ELLIOT MURRAY KYNYNMOUND, Sir Gilbert, 4th Bt. (1751-1814), of Minto, Roxburgh.

Published in The History of Parliament: the House of Commons 1790-1820, ed. R. Thorne, 1986
Available from Boydell and Brewer



16 July 1776 - Feb. 1777
27 Feb. 1777 - 1784
21 Sept. 1786 - 1790
23 Dec. 1790 - June 1795

Family and Education

b. 23 Apr. 1751, 1st s. of Sir Gilbert Elliot, 3rd Bt., by Agnes, da. and h. of Hugh Dalrymple Murray Kynynmound of Melgund, Forfar and Lochgelly and Kynynmound, Fife. educ. private tutor; La Pension Militaire, Fontainebleau 1764-6; Edinburgh Univ. 1766-8; Christ Church, Oxf. 1768; L. Inn 1769, called 1774. m. 3 Jan. 1777, Anna Maria, da. of Sir George Amyand, 1st Bt., 4s. 3da. suc. fa. as 4th Bt. 11 Jan. 1777; mother in Forfar and Fife estates and took additional name of Murray Kynynmound 28 Dec. 1778; cr. Baron Minto 20 Oct. 1797; Earl of Minto 24 Feb. 1813.

Offices Held

Civil commr. to Toulon and PC, 25 Sept. 1793; minister to the Italian states Mar.-May 1794; viceroy of Corsica June 1794-Oct. 1796; envoy extraordinary to Vienna June 1799-Nov. 1801; pres. Board of Control Feb.-July 1806; gov.-gen. Bengal July 1807-Oct. 1813.

Lt.-col. 1 batt. Roxburgh vols. 1803.


Elliot was not sure of a seat in Parliament in 1790, being no longer able to afford his insecure one for Berwick. He was disenchanted by the failure of the Whig opposition, to which he belonged, to press their advantage in the Regency crisis the previous year and was anxious to return to private life and recoup his finances. When the time was ripe, he hoped to sit for Roxburghshire, where his pretensions were still held at bay. The Duke of Portland, his leader, however,

pressed on him the propriety of continuing in Parliament (not of attending), and said repeatedly that he considered it as of importance to his cause and to our party that I should be in the House of Commons whether I should ever attend or not, for two, three or even four or five years to come.

Portland commended to him an opportunity to stand for Bristol, but it was a mirage. He came in, on petition, for Helston in December on the ‘new’ corporation interest, an opening procured and purchased for him by Lord Malmesbury, whose wife was Lady Elliot’s sister and who had not been able to make good his professed intention of the year before to bring him in for Christchurch.1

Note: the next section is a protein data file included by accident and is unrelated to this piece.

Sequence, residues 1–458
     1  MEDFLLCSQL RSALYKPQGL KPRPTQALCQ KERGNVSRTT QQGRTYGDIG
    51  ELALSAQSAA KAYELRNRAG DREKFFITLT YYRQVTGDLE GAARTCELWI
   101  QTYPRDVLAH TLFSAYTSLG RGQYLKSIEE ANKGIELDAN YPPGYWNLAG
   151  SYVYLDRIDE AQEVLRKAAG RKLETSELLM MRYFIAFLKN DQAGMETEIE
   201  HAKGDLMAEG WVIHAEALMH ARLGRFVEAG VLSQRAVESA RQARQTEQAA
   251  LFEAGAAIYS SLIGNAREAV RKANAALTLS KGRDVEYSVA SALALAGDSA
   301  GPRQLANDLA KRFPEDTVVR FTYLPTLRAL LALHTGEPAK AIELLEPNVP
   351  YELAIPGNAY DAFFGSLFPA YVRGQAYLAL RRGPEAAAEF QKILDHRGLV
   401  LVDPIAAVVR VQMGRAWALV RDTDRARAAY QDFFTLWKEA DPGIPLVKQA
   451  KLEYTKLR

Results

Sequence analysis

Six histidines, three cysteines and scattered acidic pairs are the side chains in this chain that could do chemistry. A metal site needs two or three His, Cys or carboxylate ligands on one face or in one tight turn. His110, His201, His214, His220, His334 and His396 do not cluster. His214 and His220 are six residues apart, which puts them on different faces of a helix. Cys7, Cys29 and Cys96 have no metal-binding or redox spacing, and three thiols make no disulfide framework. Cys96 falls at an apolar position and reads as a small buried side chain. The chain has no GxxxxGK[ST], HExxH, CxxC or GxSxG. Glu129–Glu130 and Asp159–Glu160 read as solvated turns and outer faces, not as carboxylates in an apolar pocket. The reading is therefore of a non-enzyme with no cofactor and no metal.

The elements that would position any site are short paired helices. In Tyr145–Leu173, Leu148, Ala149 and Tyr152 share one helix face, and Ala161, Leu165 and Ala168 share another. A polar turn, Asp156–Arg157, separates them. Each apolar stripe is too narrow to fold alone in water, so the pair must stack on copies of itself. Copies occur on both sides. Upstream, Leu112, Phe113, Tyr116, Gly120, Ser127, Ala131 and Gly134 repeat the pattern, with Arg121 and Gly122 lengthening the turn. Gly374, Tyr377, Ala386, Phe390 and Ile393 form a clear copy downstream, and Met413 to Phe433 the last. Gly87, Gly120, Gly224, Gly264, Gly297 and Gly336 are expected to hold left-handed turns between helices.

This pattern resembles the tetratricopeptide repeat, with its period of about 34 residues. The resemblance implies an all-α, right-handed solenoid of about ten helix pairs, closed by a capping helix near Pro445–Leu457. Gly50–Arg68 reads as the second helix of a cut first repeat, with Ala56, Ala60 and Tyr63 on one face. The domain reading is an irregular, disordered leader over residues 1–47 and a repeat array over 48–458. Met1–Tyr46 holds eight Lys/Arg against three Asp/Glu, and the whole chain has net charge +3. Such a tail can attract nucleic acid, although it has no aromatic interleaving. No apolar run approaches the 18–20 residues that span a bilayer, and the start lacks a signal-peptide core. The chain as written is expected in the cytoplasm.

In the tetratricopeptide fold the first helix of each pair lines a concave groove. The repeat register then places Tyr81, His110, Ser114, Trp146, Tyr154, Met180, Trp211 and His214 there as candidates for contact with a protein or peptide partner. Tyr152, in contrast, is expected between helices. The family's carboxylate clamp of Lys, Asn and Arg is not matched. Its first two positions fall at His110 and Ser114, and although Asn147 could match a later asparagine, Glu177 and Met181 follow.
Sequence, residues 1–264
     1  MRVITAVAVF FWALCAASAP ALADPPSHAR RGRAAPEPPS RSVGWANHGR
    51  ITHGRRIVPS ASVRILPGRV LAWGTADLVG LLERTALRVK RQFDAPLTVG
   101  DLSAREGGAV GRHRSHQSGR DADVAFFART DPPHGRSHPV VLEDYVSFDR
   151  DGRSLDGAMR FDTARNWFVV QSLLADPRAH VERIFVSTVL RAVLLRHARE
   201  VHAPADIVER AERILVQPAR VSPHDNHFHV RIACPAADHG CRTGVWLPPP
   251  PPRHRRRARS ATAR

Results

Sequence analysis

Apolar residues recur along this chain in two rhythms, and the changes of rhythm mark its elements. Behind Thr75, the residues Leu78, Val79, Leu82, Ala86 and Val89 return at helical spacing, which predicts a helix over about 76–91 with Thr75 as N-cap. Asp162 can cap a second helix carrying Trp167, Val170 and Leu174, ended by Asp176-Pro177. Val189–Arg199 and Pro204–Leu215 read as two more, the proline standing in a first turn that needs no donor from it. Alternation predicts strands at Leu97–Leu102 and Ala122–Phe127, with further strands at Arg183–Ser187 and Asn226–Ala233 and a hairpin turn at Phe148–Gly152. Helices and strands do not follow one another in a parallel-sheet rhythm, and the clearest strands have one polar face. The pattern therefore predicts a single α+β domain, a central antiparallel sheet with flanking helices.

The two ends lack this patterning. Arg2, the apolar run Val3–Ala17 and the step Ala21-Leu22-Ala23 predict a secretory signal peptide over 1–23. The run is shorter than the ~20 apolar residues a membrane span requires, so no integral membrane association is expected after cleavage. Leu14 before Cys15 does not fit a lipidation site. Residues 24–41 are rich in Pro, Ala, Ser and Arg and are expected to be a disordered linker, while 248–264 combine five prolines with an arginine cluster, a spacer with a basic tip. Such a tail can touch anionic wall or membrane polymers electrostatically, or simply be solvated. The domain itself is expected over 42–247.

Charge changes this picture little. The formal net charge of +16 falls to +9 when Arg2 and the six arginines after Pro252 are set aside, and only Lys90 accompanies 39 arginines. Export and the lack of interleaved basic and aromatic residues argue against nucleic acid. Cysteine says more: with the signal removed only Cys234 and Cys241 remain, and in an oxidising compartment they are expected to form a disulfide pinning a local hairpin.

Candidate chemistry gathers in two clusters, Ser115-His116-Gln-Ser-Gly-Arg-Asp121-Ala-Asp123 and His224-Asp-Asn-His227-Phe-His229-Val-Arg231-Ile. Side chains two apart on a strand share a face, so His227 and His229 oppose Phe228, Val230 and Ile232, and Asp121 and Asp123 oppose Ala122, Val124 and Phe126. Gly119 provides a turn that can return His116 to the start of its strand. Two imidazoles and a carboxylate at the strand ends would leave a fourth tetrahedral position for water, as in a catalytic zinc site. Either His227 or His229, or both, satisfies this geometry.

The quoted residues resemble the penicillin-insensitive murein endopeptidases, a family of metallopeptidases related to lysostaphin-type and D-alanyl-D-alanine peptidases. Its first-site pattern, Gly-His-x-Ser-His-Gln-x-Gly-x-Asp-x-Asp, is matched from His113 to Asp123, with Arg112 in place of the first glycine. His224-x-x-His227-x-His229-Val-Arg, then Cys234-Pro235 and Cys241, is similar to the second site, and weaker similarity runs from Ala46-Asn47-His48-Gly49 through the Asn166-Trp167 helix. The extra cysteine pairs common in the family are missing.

Impeded by the double return at Helston, Elliot missed the opening of the session, but was kept informed by his friend Burke of what transpired; he learnt with regret that Fox was critical of Burke’s Reflections on the French revolution; but without regret that Fox had been ‘unintentionally too late’ to restate his pretensions to be Speaker (he had been proposed but out voted twice in 1789), as he had ‘long ago dismissed this object’: indeed his only ambition, he maintained, was to be able to ‘act on principle’, and in the division among the Whigs which he now foresaw he sided with Portland and Burke against Fox: though he did not object to the latter so much as to some of his more restless supporters such as Sheridan. While the Helston election petition was being heard, he claimed to be ‘armed with philosophy and resignation against all events’, though virtually certain of being returned. When he was, he at once undertook the management of a petition to abolish the Test Act, for the benefit of the Scots Presbyterians. Dr Somerville, on behalf of the latter, praised his sagacity and deep understanding in this business, but the petition was lost, 10 May 1791: even his friend Burke was unsympathetic. Elliot had canvassed the House and more or less predicted the outcome. He loved a good cause and Lady Elliot lamented his enthusiasm for ‘blacks, prisons and workhouses’.

In May 1791 Elliot, who had supported Grey’s Oczakov resolutions on 12 Apr., gave offence to Burke by keeping to himself a set of ‘instructions’ he had sent him for the benefit of the Duke of Portland in his parley with Fox. He tended to dislike the doctrinaire approach whether it came from his friends in Portland’s circle or from the extremists in Fox’s circle like Philip Francis, whom he met at the Star and Garter, the Whig dining club, during the session and whom he stigmatized as having ‘no objection to a convulsion’. On 3 Apr. 1792 he voted with Fox and Pitt (after whose speech he said he ‘could hardly help almost liking him’) for the immediate abolition of the slave trade. During this session having ‘seen more of Fox and his set ... than usual’ and tried to get over ‘the little reserve, both on his side and mine’ that separated them, he concluded that the great difference in their private lives was one of the main obstacles to familiarity: he nevertheless wished, if possible, to encourage an understanding between Portland and Fox, and tried to impress on Burke his fear that ‘the influence of his authority’ on the question of the French revolution tended to drive the Whig leaders apart. On 8 Apr. 1792 he, Burke and Portland met with a view to an understanding, but he realized that Burke assumed that his view would prevail, and when the Foxite Whigs were sympathetic to the Association for Parliamentary Reform launched that month, he hoped that Fox would not publicly favour it, as this would certainly divide opposition.